There is an epidemic in college football these days and almost no college program is immune. Season ticket sales and attendance have been trending south for years and Florida State, which is not immune, continues to search for the cure.
The average number of season tickets sold has fallen nationally seven of the last eight years. It hit its lowest point last year since 1996.
There are numerous reasons for the decline. Most major college football programs have every game televised. The games, especially your bigger match-up, are accessible on your phone or computer. There is the drive to consider. Time of kickoff uncertainty. Life circumstances. And of course the cost of travel, which Osceola publisher Jerry Kutz noted has become more affordable this year – fortunately – as a result of more hotel rooms and less people demanding rooms and tickets.
FSU has seen a continual decline in sales since 2014. A year after winning its third national championship, FSU sold all 45,000 season tickets only to see that number fall to a little over 32,000 for the 2018 season.
The numbers heading into 2018 were a bit alarming as it was the first year of the Willie Taggart era. All indications were good as the spring game and Spring Booster tour drew record crowds.
Not shockingly, the Seminoles are running behind last year’s numbers in season ticket sales after posting its first losing season since 1976.
We know the problem, so what’s the cure?
Paul Phipps, Chief Marketing and Technology Officer with the Seminoles Boosters, is one of the people officed in Doak Campbell Stadium who has been tasked with turning the tide of season ticket sales and the in-game experience.
Dr. Phipps conducted a survey of FSU’s season ticket holders to ask the patient where it hurt. The responses won’t surprise you.
“Number one was winning,” Dr. Phipps said. “Number two was food service, having an eating area and still be able to see the game. Third was a wider seat. And wi-fi was in the top four.”
The 5-7 season did not help the No. 1 priority: winning.
“Some of it has to do with the performance from last year,” Phipps noted of lagging sales. “Our fans have 40 years of winning and we think, and we feel, very good about this team. We think the team is going to be competitive and perform well. I think there is a lot of wait and see attitude.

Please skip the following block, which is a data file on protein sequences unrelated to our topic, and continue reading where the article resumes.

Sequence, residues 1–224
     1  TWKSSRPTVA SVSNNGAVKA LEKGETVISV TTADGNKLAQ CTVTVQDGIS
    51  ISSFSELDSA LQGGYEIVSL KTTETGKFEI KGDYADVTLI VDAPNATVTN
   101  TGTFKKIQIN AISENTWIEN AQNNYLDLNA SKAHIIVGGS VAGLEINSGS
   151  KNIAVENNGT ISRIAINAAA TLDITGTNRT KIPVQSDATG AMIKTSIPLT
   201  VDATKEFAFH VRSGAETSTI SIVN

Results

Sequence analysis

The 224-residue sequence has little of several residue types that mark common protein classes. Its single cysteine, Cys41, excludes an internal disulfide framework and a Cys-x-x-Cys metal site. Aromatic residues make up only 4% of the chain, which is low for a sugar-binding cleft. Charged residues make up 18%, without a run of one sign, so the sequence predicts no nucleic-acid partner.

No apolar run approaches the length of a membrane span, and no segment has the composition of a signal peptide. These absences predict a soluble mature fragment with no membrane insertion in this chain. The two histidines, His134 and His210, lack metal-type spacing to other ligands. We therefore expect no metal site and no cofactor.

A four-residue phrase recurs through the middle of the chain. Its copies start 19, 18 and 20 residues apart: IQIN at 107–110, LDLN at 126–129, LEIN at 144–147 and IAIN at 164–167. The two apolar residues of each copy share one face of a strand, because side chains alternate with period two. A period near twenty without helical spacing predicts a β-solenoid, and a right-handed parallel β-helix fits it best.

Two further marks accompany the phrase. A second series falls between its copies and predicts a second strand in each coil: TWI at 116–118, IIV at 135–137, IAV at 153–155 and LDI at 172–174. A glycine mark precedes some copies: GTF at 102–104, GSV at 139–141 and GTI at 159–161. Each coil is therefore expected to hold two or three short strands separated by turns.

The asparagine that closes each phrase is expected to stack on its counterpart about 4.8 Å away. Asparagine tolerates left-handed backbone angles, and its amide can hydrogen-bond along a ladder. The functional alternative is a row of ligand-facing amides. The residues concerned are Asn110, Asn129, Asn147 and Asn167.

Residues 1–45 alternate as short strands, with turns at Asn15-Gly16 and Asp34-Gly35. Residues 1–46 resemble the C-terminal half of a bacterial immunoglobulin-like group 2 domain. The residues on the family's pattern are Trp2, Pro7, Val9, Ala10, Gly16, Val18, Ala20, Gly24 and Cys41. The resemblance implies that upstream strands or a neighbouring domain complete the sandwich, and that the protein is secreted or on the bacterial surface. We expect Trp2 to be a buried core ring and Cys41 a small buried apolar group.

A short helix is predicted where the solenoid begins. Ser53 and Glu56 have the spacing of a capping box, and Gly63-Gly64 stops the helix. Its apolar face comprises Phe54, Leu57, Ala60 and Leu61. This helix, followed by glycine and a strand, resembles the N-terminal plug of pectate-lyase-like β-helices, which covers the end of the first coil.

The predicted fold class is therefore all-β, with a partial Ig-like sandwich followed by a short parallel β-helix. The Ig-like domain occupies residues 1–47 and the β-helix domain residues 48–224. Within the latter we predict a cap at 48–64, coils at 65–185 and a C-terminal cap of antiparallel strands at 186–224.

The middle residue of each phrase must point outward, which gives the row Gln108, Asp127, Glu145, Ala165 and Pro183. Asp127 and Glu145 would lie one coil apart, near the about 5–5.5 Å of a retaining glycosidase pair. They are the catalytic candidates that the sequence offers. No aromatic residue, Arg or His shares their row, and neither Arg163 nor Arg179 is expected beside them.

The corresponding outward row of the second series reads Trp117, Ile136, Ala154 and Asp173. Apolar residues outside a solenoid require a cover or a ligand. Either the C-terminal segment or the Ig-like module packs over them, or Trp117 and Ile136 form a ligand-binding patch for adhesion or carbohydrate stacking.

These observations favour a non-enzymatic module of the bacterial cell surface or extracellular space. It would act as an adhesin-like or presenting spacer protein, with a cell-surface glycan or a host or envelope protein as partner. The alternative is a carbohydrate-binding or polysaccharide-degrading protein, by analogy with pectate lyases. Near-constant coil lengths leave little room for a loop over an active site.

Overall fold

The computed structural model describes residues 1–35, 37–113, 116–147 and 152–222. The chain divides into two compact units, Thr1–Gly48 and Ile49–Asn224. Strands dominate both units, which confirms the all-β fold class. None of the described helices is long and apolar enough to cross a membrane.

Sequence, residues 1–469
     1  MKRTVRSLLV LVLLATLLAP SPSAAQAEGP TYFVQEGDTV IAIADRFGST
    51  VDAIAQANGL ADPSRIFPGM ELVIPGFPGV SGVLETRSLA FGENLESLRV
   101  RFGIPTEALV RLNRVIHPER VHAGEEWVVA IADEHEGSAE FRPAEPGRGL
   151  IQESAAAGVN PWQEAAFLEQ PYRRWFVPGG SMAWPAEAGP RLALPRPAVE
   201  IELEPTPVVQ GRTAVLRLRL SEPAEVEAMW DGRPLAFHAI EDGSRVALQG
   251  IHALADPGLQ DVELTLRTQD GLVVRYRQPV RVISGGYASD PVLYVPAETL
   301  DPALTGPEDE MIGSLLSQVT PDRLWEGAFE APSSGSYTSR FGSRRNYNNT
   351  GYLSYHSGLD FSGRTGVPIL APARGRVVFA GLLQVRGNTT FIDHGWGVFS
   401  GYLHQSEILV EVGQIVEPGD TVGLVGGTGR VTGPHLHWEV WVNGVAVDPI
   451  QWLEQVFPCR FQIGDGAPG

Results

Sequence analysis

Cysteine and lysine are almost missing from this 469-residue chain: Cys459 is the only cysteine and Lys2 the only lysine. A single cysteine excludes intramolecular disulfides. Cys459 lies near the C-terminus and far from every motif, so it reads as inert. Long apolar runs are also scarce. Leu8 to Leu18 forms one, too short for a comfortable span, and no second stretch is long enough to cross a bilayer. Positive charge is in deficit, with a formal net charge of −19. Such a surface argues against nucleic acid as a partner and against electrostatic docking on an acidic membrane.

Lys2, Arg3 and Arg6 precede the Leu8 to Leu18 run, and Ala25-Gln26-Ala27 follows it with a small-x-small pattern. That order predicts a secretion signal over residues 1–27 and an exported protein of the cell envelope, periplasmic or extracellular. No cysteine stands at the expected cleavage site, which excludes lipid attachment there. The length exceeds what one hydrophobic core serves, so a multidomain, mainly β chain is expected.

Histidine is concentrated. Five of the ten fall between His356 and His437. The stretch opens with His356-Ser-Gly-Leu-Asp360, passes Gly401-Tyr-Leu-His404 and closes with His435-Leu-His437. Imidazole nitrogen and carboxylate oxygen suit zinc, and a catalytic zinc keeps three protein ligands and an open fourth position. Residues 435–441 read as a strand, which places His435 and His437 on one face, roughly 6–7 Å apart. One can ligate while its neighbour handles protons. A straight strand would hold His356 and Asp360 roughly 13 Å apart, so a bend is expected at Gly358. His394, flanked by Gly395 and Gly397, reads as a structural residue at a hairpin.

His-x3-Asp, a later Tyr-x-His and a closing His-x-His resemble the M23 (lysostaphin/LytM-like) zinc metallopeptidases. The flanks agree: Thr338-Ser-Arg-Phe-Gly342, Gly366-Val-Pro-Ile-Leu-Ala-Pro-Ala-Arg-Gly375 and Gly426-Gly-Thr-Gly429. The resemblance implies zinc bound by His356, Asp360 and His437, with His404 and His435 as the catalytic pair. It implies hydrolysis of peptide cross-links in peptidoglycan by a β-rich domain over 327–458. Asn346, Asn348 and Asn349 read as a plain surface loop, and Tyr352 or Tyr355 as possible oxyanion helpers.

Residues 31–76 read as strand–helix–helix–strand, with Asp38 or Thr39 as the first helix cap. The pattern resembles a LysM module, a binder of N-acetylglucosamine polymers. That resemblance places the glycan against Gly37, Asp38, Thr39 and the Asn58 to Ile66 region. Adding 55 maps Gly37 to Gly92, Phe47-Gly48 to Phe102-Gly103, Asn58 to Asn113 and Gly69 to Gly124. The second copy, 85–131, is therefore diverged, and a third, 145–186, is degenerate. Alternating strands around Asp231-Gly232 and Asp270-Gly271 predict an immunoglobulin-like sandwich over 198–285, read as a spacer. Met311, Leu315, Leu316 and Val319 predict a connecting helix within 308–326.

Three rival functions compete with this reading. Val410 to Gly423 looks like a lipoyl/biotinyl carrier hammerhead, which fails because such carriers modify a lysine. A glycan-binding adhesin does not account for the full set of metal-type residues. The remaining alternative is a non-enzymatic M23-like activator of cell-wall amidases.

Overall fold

“So what we have tried to do is encourage our season ticket holders and let them realize this is an investment in winning this year and in the future. We need their support to keep the program strong as ticket holders and/or Boosters.”
The other three fan priorities, food, a place to eat and a comfort seat are priorities FSU must invest in if it is to find the cure for declining attendance.
These are the experiences fans note will draw them from the one-dimensional tube and into the arena to enjoy the sights, sounds and smells of college game day.
The addition of a Terrace area on the first-level concourse of Doak Campbell Stadium for the Spring game was a first step. And it was well-received.
The Booster-member-only Terrace featured high top tables, television screens, circulating fans and easier access to concessions and restrooms.
Phipps and Company are studying where, and how many, Terraces they can operate for the 2019 season.
“The Terraces will be an area where season ticket holders can go to get a better selection of food, a seating area to eat and possibly with beer or alcohol,” he said. “We did it at the spring in one area and served beer, had TV’s showing the game and it was really well-received. People really liked it.”
Phipps notes only 65 percent of the people who used the Terrace bought a beer.
“So over a third just wanted a place to go to,” Phipps said.
That statistic – 65 percent – holds true in the Dunlap Champions club where ticket holders average just $10 per person in drink sales.
Based on what they learned at the spring game, Phipps expects more.
“In the fall the Terrace areas will have big flat screen TVs with the game broadcast,” he said. “We are going to have fans, seal the floor, and the area will be branded with permanent fencing. We are going to try and have multiple Terraces in the stadium which is a real benefit when season ticket holders talk to us.”
Terraces will have WiFi
“We hardwired wi-fi in that area, so you can socially share, which was one of the top four areas of concern after we surveyed (season ticket holders) at the end of the year.
The planned additions of multiple terrace location will address both the food service and wi-fi pieces of the season ticket sales puzzle.
Phipps is working with Sodexo to provide branded food — like Four Rivers BBQ — so when you go in there you have a unique food selection.
“It is resonating with people as they see it and they hear about it and other things we can do to enhance the fan experience,” said Phipps.
Seminole season ticket holders will see quicker entry at the gates.